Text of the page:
How not to start a clothing company #1

Updated: Nov 10, 2020



Hey, so Reap is about more than just selling one off amazing limited beautifully designed clothing I thought I’d give you an insight into what goes on behind closed doors. So let’s start at the start. How did we get started?

I’ve always known that there was a slightly better way to work other than just getting out of bed going to your office dealing with shit you don’t care about and then going home. That life (although I am in it and do have a full time job) does not appeal to me and I’ve always tried to look beyond that option and see what’s what. For a long time I was a musician, ran an events company, I even managed a tattoo shop for a couple of years. All great fun jobs.

I’ve always had a creative outlet and loved the idea of designing clothes, I’ve seen clothing brands rise and fall with trends over the years all the while I dreamt of owning one yet never actually put any effort in. The more I focussed on my goals and myself the more I realised I could have a go at this. After some heavy meditations and idea developments I came up with Reap. The name goes against the grain of traditional Brazilian Jiu-jitsu, which fits me perfect. I am not your average Joe. Where did the upside down triangle come from? The triangle is a key shape in BJJ, not just because of the submission, it’s everywhere if you look hard enough it’s also in a tonne of logos including the Gracie Barra logo.



Let’s keep this simple, I respect the Gracie family, I do not respect the way Gracie Barra run their gyms (a.k.a. pyramid schemes) so by flipping the triangle on it’s head I am countering the traditions while still paying homage. Once you have a symbol and a name you’re basically good to go.

I had those ideas maybe a year ago and I was super hesitant to pull the trigger. I just presumed that nobody would give a fuck. I’m just a lucky jiu-jitsu practitioner from the North of England. I say lucky because I’ve had the pleasure of being part of the Polaris Professional Jiu Jitsu media team for a number of years, so I got to see behind the scenes of how some of the best brands, athletes and media creators in the jiu jitsu world operate. I had this as my advantage, but I was too afraid to act on it.

Fast forward a year or so, we’re in lockdown and the extra time on my hands combined with a need to create but being stuck inside led me to having another crack at Reap. I was mulling these thoughts over when BAM I get targeted by and Ad for a company called Mercht.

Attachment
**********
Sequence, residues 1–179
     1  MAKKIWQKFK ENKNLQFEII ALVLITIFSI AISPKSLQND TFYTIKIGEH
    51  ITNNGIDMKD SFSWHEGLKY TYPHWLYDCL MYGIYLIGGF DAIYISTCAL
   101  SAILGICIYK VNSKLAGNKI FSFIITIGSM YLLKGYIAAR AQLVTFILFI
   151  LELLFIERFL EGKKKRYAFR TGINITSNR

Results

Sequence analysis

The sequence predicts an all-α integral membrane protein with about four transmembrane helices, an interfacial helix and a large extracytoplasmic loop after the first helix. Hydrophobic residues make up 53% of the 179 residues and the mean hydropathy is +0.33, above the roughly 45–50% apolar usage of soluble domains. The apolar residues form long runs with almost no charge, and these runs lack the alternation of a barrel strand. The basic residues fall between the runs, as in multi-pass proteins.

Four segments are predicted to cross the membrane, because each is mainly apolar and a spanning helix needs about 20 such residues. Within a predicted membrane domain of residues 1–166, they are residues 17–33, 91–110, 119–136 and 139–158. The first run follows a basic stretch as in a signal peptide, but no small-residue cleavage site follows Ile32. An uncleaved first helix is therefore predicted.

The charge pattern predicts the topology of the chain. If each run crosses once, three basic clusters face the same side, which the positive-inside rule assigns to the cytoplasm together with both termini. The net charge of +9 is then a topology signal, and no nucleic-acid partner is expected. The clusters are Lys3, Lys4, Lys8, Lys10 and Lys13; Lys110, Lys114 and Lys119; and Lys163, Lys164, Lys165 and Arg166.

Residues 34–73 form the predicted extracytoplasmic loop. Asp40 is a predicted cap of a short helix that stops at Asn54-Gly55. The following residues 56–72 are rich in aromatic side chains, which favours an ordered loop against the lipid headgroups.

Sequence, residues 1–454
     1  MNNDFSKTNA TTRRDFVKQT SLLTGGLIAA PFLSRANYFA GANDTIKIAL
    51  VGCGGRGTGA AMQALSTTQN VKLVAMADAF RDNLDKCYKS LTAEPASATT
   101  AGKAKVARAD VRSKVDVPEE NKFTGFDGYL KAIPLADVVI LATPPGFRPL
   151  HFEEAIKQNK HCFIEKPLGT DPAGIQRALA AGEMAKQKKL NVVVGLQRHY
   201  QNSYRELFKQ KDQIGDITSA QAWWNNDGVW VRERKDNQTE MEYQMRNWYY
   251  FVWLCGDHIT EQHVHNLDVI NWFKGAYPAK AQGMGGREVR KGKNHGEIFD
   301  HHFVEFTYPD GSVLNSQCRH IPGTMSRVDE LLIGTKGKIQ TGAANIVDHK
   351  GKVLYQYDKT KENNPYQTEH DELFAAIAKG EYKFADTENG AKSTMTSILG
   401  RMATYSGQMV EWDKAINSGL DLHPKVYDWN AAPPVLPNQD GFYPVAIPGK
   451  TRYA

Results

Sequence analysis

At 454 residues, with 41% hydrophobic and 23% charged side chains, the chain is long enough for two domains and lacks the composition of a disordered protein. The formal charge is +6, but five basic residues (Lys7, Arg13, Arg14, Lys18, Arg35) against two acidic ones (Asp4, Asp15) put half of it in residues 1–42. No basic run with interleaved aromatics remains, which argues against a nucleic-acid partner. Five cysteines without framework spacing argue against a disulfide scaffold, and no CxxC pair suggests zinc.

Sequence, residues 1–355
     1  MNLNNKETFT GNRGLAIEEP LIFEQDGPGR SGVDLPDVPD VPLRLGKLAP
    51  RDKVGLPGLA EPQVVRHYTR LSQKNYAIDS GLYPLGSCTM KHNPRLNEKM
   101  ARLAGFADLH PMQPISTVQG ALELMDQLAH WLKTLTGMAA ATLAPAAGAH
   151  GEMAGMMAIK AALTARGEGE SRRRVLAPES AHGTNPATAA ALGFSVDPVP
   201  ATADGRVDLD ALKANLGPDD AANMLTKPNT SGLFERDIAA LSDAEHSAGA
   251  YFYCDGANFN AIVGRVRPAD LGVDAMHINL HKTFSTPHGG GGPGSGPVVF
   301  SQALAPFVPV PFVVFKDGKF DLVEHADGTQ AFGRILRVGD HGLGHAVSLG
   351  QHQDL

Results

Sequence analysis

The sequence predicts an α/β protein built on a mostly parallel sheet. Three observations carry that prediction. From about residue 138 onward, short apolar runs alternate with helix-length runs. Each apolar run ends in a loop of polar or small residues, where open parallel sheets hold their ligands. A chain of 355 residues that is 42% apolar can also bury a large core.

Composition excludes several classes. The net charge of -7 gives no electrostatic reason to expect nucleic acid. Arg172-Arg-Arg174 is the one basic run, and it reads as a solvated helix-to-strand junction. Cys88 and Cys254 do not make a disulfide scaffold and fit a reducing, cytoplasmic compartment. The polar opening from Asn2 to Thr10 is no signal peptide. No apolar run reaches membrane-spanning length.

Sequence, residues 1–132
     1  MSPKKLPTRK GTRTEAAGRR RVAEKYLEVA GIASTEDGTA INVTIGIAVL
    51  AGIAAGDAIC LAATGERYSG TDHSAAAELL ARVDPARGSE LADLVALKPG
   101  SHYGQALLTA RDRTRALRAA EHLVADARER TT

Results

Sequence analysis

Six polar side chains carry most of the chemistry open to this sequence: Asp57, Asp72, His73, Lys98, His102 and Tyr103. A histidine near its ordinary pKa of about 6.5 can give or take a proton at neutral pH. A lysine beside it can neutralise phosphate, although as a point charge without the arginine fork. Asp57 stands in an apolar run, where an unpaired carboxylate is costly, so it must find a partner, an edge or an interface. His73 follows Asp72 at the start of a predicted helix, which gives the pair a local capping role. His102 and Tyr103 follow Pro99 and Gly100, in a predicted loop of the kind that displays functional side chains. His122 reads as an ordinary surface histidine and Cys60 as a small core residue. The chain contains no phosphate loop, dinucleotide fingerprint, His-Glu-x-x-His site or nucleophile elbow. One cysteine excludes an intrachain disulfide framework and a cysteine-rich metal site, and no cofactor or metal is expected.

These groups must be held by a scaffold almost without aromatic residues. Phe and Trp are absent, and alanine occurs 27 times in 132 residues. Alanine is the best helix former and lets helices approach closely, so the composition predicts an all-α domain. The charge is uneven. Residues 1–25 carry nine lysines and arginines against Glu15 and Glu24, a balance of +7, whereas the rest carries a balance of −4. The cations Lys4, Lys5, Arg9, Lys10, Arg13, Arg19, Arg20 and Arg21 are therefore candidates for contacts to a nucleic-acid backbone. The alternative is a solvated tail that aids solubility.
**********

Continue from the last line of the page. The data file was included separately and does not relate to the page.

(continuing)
In short, Mercht do all the hard work for you if you want to design clothing. You do the design, upload it to their site and they take pre-orders for a number of days, with a target number of garments, if you hit that target you go to print. No set up costs at all, just the designs required. It looked too good to be true.

One of the things that put me off setting up a clothing company before was the sheer wastage that comes with ordering garments before selling them, you are always going to end up with too many that inevitably go on sale to the point where you barely recoup your costs. So I went for pre-orders to minimise wastage but also create limited edition garments that once they are printed will never be printed again, to incentivise the sale. It felt totally insane doing it in a world full of instant deliveries from amazon, but it also felt nice to go against the grain and see if people would still wait for quality gear.

So I did it, I dropped T-shirt number one, which some of you now own. I love the design and the fit. Only, it took a while to get them to you. Initially Mercht had nothing on their website about delays due to Covid-19. SO I took their word for it with the two-week turn around. I got an email confirming that the T shirts were going to print and that was it. I carried on pumping out the social media and teasing the next release when a little too much time went by.

Now, I went with Mercht because they were co-owned by Awesome Merchandise, who I’ve used hundreds of times in the past and they have amazing customer service, but I got nothing from Mercht. Now, I know there were bigger things to worry about, but people figured out how to work from home a little bit during Covid. It’s not that they couldn’t print the T-shirts within the timescales, it’s that I began emailing them and I was getting no response from them and I started to get messages from people (nice messages, I must add, mainly just people being curious) asking if I had any updates. I had none. I felt like a chump. I had no answers for these people because I was held to ransom by a company who I was getting radio silence from.

What I did gain from this strange period was a little bit of confidence that people liked the branding. This was huge, I didn’t expect anyone to order anything, but they did! So, I took things into my own hands, set up a website, designed the next batch of T-shirts and bought some promotional material.

After what felt like months (I think it was an entire month) I finally got word back from Mercht, with an apology and assurance that my T-shirts had been printed and were being posted out. Thankkkkkkk Fuck. They arrived, they look amazing and I was able to release pre-orders for item #2 (which are currently being printed, and should be with us soon!)

So, that’s how not to launch a clothing company, for now. We’ll see. Part two coming the next time I make a ridiculous mistake. Join the cult of jiu-jitsu. Next garments dropping in a couple of weeks, all love.

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